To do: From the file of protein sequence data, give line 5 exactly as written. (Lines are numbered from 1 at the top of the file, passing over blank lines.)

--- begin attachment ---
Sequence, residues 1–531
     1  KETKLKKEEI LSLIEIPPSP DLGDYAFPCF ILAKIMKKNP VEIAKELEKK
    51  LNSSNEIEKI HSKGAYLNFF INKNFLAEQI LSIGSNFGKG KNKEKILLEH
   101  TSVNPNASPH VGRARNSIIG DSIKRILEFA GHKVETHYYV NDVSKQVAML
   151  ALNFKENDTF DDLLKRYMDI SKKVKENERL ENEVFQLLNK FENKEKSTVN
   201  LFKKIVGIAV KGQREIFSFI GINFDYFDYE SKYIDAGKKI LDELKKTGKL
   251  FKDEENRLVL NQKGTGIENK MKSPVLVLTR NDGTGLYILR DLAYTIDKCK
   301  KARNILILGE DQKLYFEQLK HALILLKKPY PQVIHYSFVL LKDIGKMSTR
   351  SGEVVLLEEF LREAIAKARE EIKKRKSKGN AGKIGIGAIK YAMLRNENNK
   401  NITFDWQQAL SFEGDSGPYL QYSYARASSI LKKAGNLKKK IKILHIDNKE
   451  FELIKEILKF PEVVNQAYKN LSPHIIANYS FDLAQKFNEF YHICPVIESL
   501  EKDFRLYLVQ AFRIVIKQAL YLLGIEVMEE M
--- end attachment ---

   151  ALNFKENDTF DDLLKRYMDI SKKVKENERL ENEVFQLLNK FENKEKSTVN